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New Tax Advisory Boards proposed to oversee Tax Office and Government

Publication date: 12 Mar 98 | Source: THE TAX INSTITUTE

The Taxation Institute of Australia has recommended the Federal Government establish two separate 'Tax Advisory Boards' to improve the administration of the tax law and ensure that broad policy implications of existing and proposed laws are fully considered.

This recommendation forms an integral part of a submission on tax reform put forward by the Taxation Institute to the Gibson Committee titled Tax Reform in Australia.

The proposed boards would be the 'Taxation Administration Review Board' and the 'Taxation Policy Review Board'. Each board would have a different focus, different responsibilities and different members.

"Establishing a formal system of review will introduce more certainty and consistency into the tax administration and policy process in Australia and ultimately benefit the Australian taxpaying community," said Taxation Institute of Australia Tax Technical Director, Ms Annamaria Carey.

"The Taxation Policy Review Board would concentrate on ongoing reform of the tax system and ensure that the tax system complements other government policies rather than operating in direct opposition to those policies - as is often the case at present."

"This Board should also comprise of private sector representatives such as lawyers and accountants with a knowledge of tax, small and large business representatives and senior staff of related government departments."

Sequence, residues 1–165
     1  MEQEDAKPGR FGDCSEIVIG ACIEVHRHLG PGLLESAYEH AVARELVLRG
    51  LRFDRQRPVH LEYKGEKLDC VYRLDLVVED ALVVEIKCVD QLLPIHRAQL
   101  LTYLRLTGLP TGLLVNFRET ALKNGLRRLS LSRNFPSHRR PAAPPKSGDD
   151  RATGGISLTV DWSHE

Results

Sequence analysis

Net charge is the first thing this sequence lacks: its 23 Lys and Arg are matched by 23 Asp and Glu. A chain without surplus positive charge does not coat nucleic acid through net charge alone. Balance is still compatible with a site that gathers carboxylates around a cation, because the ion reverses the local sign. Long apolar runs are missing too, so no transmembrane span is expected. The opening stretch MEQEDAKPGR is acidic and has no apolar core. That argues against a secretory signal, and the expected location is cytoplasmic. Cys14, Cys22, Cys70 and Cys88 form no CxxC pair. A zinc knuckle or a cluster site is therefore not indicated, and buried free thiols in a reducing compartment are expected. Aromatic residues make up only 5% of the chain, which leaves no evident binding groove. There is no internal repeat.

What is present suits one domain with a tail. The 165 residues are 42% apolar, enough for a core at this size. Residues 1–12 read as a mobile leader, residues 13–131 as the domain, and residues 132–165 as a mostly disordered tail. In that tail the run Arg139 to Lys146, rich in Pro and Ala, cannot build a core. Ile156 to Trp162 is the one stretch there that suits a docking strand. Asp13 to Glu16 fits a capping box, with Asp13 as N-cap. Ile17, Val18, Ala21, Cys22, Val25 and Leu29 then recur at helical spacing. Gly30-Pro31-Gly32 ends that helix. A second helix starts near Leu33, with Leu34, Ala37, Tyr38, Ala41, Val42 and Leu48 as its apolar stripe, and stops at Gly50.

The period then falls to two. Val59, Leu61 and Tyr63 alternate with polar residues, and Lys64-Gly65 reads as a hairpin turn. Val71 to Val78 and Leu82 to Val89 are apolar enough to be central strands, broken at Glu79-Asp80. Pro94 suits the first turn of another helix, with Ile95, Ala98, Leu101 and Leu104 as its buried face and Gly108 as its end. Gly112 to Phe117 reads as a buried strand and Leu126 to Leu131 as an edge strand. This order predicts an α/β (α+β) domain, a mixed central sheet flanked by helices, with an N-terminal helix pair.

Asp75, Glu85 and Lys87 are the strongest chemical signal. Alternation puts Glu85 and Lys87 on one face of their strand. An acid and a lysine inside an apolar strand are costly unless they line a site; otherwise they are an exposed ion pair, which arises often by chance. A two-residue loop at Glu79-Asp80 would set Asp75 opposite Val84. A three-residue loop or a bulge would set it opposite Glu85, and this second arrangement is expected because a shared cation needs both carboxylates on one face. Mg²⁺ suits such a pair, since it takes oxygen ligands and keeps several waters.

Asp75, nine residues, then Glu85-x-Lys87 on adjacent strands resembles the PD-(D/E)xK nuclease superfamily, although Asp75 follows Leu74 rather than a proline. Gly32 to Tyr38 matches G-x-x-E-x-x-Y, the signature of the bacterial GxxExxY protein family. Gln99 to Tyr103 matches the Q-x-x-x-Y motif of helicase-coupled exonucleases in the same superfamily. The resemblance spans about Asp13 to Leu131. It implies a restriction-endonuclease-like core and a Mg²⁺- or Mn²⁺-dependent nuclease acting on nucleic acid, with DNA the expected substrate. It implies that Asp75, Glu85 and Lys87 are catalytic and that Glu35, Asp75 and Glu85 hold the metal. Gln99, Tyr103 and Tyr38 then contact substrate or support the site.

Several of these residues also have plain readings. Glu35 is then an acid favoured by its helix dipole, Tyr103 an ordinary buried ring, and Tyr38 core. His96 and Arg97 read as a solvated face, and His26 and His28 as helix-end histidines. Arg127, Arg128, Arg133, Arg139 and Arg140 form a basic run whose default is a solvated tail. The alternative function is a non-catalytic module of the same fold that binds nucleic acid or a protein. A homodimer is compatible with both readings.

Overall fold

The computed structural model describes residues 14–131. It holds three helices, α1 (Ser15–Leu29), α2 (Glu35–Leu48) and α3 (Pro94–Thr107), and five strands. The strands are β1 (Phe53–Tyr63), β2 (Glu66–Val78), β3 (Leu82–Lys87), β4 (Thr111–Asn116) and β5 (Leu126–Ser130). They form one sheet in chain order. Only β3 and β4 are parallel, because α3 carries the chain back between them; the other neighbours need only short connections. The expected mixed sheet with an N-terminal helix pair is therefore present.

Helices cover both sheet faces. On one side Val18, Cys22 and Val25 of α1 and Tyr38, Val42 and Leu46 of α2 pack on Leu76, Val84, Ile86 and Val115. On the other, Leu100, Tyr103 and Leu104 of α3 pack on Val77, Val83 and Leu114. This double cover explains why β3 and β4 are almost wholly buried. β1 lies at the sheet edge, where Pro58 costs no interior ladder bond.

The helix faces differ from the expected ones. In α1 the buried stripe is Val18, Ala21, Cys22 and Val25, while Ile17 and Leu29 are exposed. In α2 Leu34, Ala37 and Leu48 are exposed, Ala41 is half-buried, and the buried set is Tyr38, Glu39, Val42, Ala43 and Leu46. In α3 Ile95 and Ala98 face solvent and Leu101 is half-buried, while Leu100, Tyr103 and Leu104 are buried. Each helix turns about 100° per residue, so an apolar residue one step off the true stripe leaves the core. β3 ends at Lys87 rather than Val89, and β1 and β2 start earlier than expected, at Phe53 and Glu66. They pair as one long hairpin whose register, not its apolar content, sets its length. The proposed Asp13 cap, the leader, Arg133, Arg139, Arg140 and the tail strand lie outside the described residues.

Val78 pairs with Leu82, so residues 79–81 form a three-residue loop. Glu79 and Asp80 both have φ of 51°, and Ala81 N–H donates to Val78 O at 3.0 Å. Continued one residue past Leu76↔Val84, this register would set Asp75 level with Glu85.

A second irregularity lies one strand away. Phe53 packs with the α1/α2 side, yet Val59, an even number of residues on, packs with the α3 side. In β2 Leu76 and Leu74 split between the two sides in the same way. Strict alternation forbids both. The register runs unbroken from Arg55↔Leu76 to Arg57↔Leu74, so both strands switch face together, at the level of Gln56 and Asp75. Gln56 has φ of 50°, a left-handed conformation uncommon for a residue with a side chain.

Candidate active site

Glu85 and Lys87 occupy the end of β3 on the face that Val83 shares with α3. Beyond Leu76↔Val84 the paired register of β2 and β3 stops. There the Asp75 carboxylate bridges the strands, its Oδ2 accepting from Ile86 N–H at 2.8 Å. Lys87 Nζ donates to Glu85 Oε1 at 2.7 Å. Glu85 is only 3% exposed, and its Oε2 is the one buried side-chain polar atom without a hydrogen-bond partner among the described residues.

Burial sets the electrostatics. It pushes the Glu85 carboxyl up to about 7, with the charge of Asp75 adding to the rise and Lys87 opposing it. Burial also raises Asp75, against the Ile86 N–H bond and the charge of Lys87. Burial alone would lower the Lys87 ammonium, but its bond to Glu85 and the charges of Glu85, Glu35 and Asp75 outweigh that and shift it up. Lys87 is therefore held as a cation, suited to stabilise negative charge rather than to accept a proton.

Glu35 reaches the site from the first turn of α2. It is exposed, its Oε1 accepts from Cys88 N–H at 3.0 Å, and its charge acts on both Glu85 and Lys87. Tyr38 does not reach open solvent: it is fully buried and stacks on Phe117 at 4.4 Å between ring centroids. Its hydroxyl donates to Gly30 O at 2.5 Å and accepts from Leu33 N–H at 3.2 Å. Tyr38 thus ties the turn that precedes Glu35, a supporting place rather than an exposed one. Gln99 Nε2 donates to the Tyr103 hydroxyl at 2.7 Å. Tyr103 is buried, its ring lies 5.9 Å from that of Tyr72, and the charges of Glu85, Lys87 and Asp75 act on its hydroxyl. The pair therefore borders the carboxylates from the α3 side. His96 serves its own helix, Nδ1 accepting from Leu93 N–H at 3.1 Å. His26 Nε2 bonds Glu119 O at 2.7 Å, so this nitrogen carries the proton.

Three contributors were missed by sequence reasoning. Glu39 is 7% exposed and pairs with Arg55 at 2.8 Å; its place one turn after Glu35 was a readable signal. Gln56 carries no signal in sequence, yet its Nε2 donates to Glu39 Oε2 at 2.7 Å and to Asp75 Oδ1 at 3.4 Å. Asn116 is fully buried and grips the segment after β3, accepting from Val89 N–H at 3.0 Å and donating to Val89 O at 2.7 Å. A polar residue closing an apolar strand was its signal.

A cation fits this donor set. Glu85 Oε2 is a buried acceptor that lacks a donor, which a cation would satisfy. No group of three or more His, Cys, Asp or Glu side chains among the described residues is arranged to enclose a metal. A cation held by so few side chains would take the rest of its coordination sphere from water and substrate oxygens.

"The establishment of such a board would hopefully result in legislation that is better drafted, better reflects Government policy and which will not result in disproportionate compliance costs for Australian Business," she said.

"The Taxation Administration Review Board would oversee the proper administration of the ATO and recommend improvements where necessary. This Board would guide the direction of long term strategy of the ATO and comprise of private sector representatives and senior ATO staff."

"However, the Taxation Administration Review Board would have no involvement in specific matters in the areas of interpretation or enforcement of tax laws, nor will it have any access to taxpayer information."

"Although we recommend that the Commissioner of Taxation be a member of both proposed Boards, they should be chaired by a senior Government Minister rather than by the Commissioner," Ms Carey said.